Take Five With Thomas McElroy
Meet Thomas McElroy:
Started playing at the age of 16 with classical lessons. Studied at Cornish Institute from 1979-1981. Left Cornish to go on the road. Moved to Dallas Texas and gigged with James Clay Marshall Ivery and Red Garland. Moved back to Seattle and have worked with everyone in town at one point or another.
Teachers and/or influences?
studied with Don Mock and Bob Rice. Influences are: Pat Martino, George Benson, Wes Montgomery, Ravel, Gorecki, Earl Klugh, Bireli Lagrene, Baden Powell, Tohino Horte, John Mclaughlin, John Coltrane.
I knew I wanted to be a musician when...
All my life. I used to dance in the crib on two and four when they played certain classical music. but really about the age of 16 I wanted to play music and learn. All of my friends were musicians and they were pressing me to play and get into the Franklin High School jazz lab.
Your sound and approach to music:
My own sound and approach to music using the scales and harmony of the EIS system that is taught by David Blumberg and others. Also using the modes of John Mclaughlin. Wide intervals and complex harmonic approach to playing over changes and standards. When I write music I leave things open to interpretation by the side men I work with so everyone has a voice in the outcome of the music. I leave it free within the form so there is space to create whatever is on the musicians heart.
Your teaching approach:
I listen to the student play, watch their hands and see if the fingers work together and if the hands work together. I ask them questions about style, what they want out of music and then I tell them what I can do for them. I always end up telling them I will not teach them style but I what I teach them will allow them to get to themselves and create a sound that will be theirs.
Your dream band:
I like sidemen who can play time and with time and have ears enough that when I go left they go left as well. I have been fortunate in that I have been able to work with some really gifted time players so my favorite rhythm section would be for different styles that I play in. for jazz would be Jeff Johnson on bass and John Bishop. on my original material would be Reade Whitwell on drums and Dead Schmidt on bass. For funk and fusion Clarence Robinson on drums and Gerald Turner on bass.These are the best of the local cats that I am fortunate enough to call friends and have the ability to create music with them.
I like small places with nice acoustics. I have played Jazz Alley in Seattle. That was nice.
Your favorite recording in your discography and why?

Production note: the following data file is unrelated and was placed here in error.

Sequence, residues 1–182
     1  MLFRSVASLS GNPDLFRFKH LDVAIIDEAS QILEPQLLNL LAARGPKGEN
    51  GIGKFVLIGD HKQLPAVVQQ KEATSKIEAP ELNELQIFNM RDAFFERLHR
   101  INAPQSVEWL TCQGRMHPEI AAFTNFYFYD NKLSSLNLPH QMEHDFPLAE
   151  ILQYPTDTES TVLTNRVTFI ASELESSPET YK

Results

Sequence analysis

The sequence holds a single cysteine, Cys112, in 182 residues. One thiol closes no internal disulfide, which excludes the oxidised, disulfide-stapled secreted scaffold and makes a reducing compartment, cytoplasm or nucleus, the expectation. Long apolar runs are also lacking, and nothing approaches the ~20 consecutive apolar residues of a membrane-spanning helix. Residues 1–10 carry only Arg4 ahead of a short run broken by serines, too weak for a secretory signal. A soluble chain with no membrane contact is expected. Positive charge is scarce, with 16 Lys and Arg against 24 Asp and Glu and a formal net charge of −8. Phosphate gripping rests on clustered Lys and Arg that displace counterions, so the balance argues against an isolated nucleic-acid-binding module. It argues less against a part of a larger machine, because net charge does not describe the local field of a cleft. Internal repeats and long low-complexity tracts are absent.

Wes Montgomery Movin On The intensity of the album was just killin. The tunes are all great and the playing was superb. Also there is an album with Hal Galper, Michael Brecker, Randy Brecker, Bob Moses on drums Wayne Dockery on bass. I do not remember the name of the album but they were all killin' that music on that album at that time. I sang all the Michael Brecker solos until I had them all down. It shaped my musical consciousness to this day.
The first Jazz album I bought was:
Stanley Turrentine's Salt Song.. beautiful album.
What do you think is the most important thing you are contributing musically?
I am always trying to improve and shape my sound till it is me. I am studying all the time and filling my consciousness with new vocabulary and I am not afraid of crossing boundaries. I play BB King licks in standards, whatever, music should not be sectioned off. You should be able to meld it all and play it all.
Did you know...
I was a yell leader in high school. I did not know it was such a great way to meet beautiful women!!!
CDs you are listening to now:
Ravel: Daphins and Chloe
Sibelius Symphony in A, Pohjola's Daughter
Rachmoninoff, Symphony in C minor
Desert Island picks:
George Benson, Bad Benson Michael Brecker, Wide Angles Ravel: Daphnis and Chloe
How would you describe the state of jazz today?
Scary, low paying gigs in town. I make the most of my money working in churches playing urban contemporary gospel or working playing in funk bands in the casinos around the Seattle area. I am close to destitute but with out that going on I would be really hurting.
What are some of the essential requirements to keep jazz alive and growing?
Places to play, support of radio, support of labels, acceptance of music that may not fit the labels of jazz (i.e. standards, blues).
What is in the near future?
I am studying with composer David Blumberg and learning what is called the EIS system. Different scales, different harmonies to play against and I am learning how to write for strings and I want to fuse all of that with my existing music and make something new and original.
I do some computer consulting by day when I can find the work.
If I weren't a jazz musician, I would be a: